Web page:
Owner-Operator Independent Drivers Association filed a petition with the Department of Transportation requesting that the bond required of transportation brokers be raised from $10,000 to between $300,000 and $500,000. “The $10,000 bond comes nowhere close to covering the amount of unpaid liabilities incurred by many brokers today,” OOIDA President Jim Johnston said. “OOIDA and its members have learned time and time again of individual brokers each failing to pay tens of thousands of dollars, if not hundreds of thousands of dollars, in transportation charges to dozens of motor carriers.”
Prime Inc. was awarded $559,718 by a U.S. District Court for court costs incurred battling a lawsuit filed by the Owner-Operator Independent Drivers Association over alleged federal leasing violations. OOIDA plans to appeal the decision.
Small Business Administration was recognized at the annual Excellence.gov awards luncheon for its creation of BusinessLaw.gov, which features interactive tools, searchable frequently asked questions and answers, downloadable forms and publications, electronic regulatory compliance guides and links to online transactions.
Labor relations attorney Stephen Cabot, who has helped non-union trucking companies remain union free and worked with union and non-union companies on ways to maintain employee morale, has published a guide for handling workplace issues. For more information on Stephen J. Cabot’s Complete Guide to Labor Relations in the 21st Century, call (800) 835-0353.
COLLECTING FROM CONSIGNEES
Q Due to the new hours rules, we now impose a one-hour freetime rule for truckload loads. We have particular difficulty getting detention charges when consignees are responsible. Can we hold them liable?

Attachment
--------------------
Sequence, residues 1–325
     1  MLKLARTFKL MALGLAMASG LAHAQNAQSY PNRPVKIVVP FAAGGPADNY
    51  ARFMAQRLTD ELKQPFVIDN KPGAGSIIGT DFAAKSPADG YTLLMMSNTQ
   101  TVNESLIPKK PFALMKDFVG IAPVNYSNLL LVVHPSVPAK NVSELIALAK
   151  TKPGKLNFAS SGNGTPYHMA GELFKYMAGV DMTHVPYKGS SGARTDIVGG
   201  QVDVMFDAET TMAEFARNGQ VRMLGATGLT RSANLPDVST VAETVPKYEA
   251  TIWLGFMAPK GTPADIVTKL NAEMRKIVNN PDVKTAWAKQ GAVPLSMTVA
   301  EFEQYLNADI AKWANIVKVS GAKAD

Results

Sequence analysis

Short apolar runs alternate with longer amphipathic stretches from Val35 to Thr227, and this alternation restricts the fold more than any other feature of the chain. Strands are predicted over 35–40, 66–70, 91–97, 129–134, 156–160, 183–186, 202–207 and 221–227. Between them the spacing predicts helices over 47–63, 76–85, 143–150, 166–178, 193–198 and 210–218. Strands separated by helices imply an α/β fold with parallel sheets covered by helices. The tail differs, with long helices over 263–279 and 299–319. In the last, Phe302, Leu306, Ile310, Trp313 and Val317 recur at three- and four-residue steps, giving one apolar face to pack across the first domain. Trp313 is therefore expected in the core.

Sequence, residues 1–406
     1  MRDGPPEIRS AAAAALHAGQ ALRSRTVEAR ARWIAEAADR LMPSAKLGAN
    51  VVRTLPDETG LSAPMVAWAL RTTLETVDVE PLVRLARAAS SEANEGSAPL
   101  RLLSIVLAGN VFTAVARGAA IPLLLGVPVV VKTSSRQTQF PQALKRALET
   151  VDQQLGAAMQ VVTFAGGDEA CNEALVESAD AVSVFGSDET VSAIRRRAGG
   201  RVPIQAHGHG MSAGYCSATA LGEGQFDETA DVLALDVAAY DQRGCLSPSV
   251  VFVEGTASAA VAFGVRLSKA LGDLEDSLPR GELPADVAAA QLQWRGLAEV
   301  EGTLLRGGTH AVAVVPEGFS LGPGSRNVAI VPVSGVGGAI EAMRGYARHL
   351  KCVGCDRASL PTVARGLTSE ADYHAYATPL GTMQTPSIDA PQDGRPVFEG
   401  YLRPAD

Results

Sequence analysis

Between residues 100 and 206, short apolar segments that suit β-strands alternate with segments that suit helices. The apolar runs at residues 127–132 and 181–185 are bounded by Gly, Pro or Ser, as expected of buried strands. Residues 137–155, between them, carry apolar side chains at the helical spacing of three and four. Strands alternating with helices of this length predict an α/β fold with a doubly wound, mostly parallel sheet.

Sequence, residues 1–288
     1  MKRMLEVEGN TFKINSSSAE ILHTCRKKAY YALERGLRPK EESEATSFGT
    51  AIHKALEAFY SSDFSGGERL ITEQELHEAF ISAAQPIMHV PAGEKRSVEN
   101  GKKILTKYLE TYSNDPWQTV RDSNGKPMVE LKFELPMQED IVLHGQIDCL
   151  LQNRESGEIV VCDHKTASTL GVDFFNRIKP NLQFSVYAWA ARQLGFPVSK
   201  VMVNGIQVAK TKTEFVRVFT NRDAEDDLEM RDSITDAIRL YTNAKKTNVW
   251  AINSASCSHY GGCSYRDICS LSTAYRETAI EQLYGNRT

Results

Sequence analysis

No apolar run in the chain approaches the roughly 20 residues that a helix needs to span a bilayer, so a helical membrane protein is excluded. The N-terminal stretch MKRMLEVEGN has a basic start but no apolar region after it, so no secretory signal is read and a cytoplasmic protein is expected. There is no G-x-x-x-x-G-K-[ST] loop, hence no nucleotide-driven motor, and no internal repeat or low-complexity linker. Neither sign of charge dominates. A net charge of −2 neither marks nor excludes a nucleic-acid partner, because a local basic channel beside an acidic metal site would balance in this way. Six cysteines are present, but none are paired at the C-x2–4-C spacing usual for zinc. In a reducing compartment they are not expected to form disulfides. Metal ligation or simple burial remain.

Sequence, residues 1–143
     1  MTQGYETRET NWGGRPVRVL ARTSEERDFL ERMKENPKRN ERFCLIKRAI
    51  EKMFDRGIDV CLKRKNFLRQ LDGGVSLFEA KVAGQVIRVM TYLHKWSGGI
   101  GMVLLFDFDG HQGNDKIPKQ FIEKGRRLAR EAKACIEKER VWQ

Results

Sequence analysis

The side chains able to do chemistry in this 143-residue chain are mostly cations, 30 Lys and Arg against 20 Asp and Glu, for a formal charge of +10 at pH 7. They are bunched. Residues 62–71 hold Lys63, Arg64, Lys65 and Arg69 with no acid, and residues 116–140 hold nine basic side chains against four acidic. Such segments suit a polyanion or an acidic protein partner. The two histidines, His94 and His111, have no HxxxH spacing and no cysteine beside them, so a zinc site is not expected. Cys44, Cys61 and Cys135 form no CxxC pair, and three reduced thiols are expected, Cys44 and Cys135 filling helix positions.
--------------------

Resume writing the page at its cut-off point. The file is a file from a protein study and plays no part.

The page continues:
A Ordinarily, detention and other accessorial charges are included with freight charges on the invoice sent to the shipper. When the shipper does not incur the detention, though, it often refuses to pay. What is needed is a way to pass carriers’ detention bills on to the responsible party.
It is well established in railroad law – from which motor carrier law is derived – that a consignee becomes liable for demurrage, the rail equivalent of detention, when a rail car is spotted at a consignee’s location for unloading. Both the uniform bill of lading and the standard truckload bill of lading used by motor carriers provide that the consignee will pay all lawful charges accruing on shipments. This language tracks the federal statute (Section 13706) establishing that the consignee is liable for additional rates and charges due after delivery unless it gives written notice before delivery that it is not the beneficial owner of the goods.
So it seems clear that a motor carrier can bill the consignee for detention on prepaid shipments based on the carrier’s rules or operating circulars incorporated into the bill of lading by reference. But the carrier’s rules tariffs can be trumped or negated if a carrier signs a contract that expressly supercedes the tariff, waives detention charges or otherwise precludes collection of detention from the consignee.
Although it is possible to hold a consignee liable for detention on prepaid shipments by protecting rights through properly drafted rules circulars and contracting practices, this is not enough in the truckload marketplace. Consignors of collect shipments and consignees on prepaid shipments traditionally haven’t been held responsible for detention.
So I believe that it’s only fair that you notify your contracting shipper’s customer or vendor in advance that you intend to hold it responsible for detention. It appears that most consignors and consignees insist on appointments for pickups and deliveries. I recommend sending appointment confirmations via fax or e-mail that explain the carrier’s expectations regarding live loading or unloading, including references to free time, detention and the liability of the party incurring the charges for paying them.
Because drivers cannot extend their time available for driving by logging off duty when they are held up at a loading dock, let the shipper or consignee know that it will ultimately bear expenses caused by dock inefficiencies.